Tuesday, November 28, 2017

“I’m Worried About My Grade.” How to Pre-empt the End of Semester Panic

By Julie M. Phelps, Contributing Editor, Valencia College

As the end of the semester nears, educators brace for the inevitable student questions about their final grades. If you are anything like me, this can be distracting from my goal of the class: to teach mathematics and make a difference in student lives. Sometimes I find myself dreading the last couple weeks because many students are stressed and solely focused on the final grade, not on learning ways to utilize mathematics in their major.

This year I decided to try something new and pre-empt student questions about their grades by having them reflect on their class work and engagement. To do so, I showed a YouTube video called “I am worried about my grade” to my College Algebra students at the beginning of the semester (just before the first test). While very basic, the video goes over the many ways we educators evaluate student performance, and how we make time for students to approach us outside of class.

After showing the video, I asked the student to reflect on it and write a brief essay about what they saw in the video. Here are the themes from their essays that you can use to set course expectations early in the semester (and pre-empt the end of semester panic):

1. I need to be a responsible college student/adult.
  • Ask for help/ask questions/make sure I understand/go to tutoring. 
  • Always try to improve your work/use the resources. 
  • Turn in assignments on time/don’t procrastinate. 
  • Come to class/participate. 
  • Passing the class is up to the student. 
  • Take your education seriously/have good work ethic/don’t be lazy/take the initiative/have a good attitude. 
  • Learn from your mistakes. 
  • Manage your time.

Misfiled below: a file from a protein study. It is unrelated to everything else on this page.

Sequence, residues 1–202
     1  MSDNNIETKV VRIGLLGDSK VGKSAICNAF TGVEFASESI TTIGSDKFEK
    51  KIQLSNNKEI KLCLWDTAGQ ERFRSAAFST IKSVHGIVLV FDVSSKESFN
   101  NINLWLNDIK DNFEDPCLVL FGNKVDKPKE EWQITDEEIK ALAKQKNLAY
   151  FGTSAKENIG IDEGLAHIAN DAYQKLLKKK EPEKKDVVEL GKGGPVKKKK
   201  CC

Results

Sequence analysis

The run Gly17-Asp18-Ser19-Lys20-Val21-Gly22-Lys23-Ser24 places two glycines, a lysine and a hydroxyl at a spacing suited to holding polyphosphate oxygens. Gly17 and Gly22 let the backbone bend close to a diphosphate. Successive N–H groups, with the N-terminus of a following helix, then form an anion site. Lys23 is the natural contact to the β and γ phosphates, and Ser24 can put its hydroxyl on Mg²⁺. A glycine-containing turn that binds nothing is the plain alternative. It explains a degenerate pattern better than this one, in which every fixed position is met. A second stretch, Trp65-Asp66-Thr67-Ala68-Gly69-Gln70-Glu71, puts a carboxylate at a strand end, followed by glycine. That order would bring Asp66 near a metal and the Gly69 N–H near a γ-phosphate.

• Taking this class is not about a grade but about learning mathematics.
2. There are plenty of opportunities to get help.
  • Go to office hours.
  • When the professor takes time to be flexible within your schedule, make sure to show up.
  • Go to tutoring.
3. The professor is there to help!
  • Establish a connection with the professor.
  • "Professors have a lot of students, so if they offer to help...accept it!"

Three notable quotes from student essays on being responsible and engaged students:
  • “OMG… I’m the bear… you’re talking directly to me aren’t you? Don’t drop me… I get it! I need to make a schedule, study, and ask for help immediately. Thanks for the wake-up call.”
  • “By showing me this example, Dr. Phelps showed me that grades aren’t given, they’re earned. After realizing this, I’m going to utilize every resource that is available to me to show that I have the potential to get passing grade and higher, and that I have the capacity to be good at math and enjoy the work that I do in the class and in the other math classes.”
  • “The video that we watched in class shows in a very droll way a conversation between a student and a teacher. I identify his [the students’] attitude as a student from high school or a middle school, since they only want to pass the year, not to learn things for the future, they can’t see the utility of their learning.”
Because of this activity, I am now able to focus on what the end-of-term should be about: teaching mathematics for long-term use and retention. At the end of the semester, we educators only have a few more classes to make an impact on our students, and our students only have a few more class meetings to get the most out of the semester-long experience. I encourage you to have this conversation with your students before the end of the semester so everyone can have productive class time.

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